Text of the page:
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  1. #1
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    Art Contracts?

    When sent an artist/client contract by email how should I approach signing and returning it?

    Is it sufficient to open up the contract in word and type my name in or should I print out the contract sign it in pen then send a scanned image of it back? Thanks!

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    The few contracts i've signed (non art related) I had to print, sign, scan and send it back. Or you could always sign it and fax it back.

    Don't accept any signature that has been typed! Or you'll find yourself on the other end of a losing court case.

    SECONDS: Do you work from life of photographs?
    FRAZETTA: I work from my head.

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    If you have to go to court, you already lost, because chances are you are going to spend more than the money you were owed. In many cases, just returning the e-mail and say you accept the terms would be a sufficient proof (unless your client somehow has access to your computer?) But you don't ever want to get in that kind of situation, so do whatever it takes so that the CLIENT thinks it's valid.

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    Thanks for the advice Irish and Qitsune it helps a bunch!

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    If you've been sent a Word doc you could draw your sig in Photoshop or whatever you use - or scan it in - and simply include the resulting JPG in the document. If you've been sent a PDF though this won't work unless you have special software (e.g. Nitro Pro or Adobe PDF Writer) and this is overkill unless you find yourself signing a lot of multi-page PDFs; therefore the best thing for PDFs would be to print, sign and email / fax back. And don't forget the other party need to sign it too, and you should have a fully executed copy of the contract before proceeding.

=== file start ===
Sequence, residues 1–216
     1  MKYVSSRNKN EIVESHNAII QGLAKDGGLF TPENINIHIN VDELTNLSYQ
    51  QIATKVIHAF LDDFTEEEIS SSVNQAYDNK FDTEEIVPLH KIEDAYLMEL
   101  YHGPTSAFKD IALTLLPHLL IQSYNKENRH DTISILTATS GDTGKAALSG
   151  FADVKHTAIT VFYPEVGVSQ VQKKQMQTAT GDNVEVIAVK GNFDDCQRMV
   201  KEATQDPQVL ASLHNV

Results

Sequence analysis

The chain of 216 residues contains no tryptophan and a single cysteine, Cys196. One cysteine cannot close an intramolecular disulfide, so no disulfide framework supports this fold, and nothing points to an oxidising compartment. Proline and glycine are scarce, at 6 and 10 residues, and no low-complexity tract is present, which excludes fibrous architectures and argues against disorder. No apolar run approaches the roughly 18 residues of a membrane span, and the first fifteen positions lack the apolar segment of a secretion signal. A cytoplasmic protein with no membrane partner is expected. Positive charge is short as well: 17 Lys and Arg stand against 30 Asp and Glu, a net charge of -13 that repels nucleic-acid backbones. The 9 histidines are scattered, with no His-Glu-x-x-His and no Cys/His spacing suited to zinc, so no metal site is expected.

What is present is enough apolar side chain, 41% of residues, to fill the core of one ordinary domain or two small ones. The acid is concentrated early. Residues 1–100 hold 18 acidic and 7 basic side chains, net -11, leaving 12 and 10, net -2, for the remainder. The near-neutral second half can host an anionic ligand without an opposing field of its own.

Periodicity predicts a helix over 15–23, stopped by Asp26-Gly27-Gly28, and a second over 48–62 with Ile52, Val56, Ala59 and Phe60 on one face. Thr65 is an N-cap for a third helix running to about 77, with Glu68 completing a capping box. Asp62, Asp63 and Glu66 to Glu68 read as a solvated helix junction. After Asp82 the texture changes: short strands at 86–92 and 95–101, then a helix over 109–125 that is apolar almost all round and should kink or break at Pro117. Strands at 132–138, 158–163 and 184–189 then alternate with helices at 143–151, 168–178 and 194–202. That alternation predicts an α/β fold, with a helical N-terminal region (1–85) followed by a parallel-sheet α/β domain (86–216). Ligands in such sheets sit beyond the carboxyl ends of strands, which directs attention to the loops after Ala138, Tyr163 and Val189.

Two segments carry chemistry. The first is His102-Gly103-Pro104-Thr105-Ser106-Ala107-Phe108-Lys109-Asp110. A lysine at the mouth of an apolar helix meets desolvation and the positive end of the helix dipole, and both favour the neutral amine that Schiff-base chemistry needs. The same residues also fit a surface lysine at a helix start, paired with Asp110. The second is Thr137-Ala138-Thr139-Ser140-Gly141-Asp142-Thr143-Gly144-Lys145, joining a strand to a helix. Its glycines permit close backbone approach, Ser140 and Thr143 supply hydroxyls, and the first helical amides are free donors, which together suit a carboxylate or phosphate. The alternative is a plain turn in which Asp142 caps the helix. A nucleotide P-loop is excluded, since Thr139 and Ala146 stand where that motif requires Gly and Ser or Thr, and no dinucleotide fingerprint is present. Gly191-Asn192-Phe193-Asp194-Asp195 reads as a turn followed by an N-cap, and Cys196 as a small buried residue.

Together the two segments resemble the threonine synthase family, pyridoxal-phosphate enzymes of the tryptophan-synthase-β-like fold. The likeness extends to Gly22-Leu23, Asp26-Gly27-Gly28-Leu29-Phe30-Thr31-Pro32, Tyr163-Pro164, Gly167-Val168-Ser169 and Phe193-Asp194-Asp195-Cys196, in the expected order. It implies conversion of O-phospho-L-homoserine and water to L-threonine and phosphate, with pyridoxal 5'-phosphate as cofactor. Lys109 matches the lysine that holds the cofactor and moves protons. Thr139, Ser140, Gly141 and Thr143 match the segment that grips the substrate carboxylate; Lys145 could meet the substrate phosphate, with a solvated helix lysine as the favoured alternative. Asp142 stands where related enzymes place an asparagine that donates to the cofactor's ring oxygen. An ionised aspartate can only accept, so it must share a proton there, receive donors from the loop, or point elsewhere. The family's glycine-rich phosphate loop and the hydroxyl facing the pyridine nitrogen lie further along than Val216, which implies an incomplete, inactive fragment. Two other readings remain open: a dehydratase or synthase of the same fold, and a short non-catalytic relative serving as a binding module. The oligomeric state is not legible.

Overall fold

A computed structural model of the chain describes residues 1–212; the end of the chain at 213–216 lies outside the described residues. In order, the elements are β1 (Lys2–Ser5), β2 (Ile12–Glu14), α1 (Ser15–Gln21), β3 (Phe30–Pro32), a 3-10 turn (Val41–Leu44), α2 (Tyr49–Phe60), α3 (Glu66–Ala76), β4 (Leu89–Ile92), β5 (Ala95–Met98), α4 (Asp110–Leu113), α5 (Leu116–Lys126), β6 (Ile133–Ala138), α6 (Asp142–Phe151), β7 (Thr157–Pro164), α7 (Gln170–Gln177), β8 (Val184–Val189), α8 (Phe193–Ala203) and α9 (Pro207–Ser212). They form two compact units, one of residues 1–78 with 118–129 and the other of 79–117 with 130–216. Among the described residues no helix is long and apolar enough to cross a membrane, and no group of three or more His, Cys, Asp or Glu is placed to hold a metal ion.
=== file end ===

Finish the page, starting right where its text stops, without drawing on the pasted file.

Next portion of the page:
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    Quote Originally Posted by Baron Impossible View Post
    therefore the best thing for PDFs would be to print, sign and email / fax back. And don't forget the other party need to sign it too, and you should have a fully executed copy of the contract before proceeding.
    I always kinda wonder about that. What's gonna prevent the other party from photomaniplulating the original, or taking out your signature and put it in another contract, among countless other things?

    I mean, you can even take off somebody's signature on the internet~

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    Quote Originally Posted by Aaron Death View Post
    I always kinda wonder about that. What's gonna prevent the other party from photomaniplulating the original, or taking out your signature and put it in another contract, among countless other things?

    I mean, you can even take off somebody's signature on the internet~
    Sure, it's possible to forge practically anything but I guess it's a question of gain vs effort (not to mention they'd need to be pretty evil in the first place). After all there's not much money to be made trying to rope artists into dubious contracts whereas for occasions where the risks are higher (e.g. big business) there are always witnesses and other safeguards in place. And as I say, if you do make sure you get a fully executed contract before you start - and check it - that guards against any generic weaseling that might occur should you be tempted to say What they heck, let's just do it.

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    Quote Originally Posted by Aaron Death View Post
    I always kinda wonder about that. What's gonna prevent the other party from photomaniplulating the original, or taking out your signature and put it in another contract, among countless other things?

    I mean, you can even take off somebody's signature on the internet~
    What's to stop you from hiring an assassin to take out their photomanip team that is trying to pull such shady dealings?

    Some things may be possible, but you'd have to be pretty damn dedicated and ruthless to do it. There's a pretty slim chance you'll encounter those kinds of problems.

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    do you think scanning your signature and just pasting it into signature spaces work also? That way anytime you have to sign junk just open up your signature file paste and save.

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    I think a better question would be: how to stop a client from claiming that you photo manipulated their signature, in order to get out of paying you for work. Do digital signatures hold up in court?

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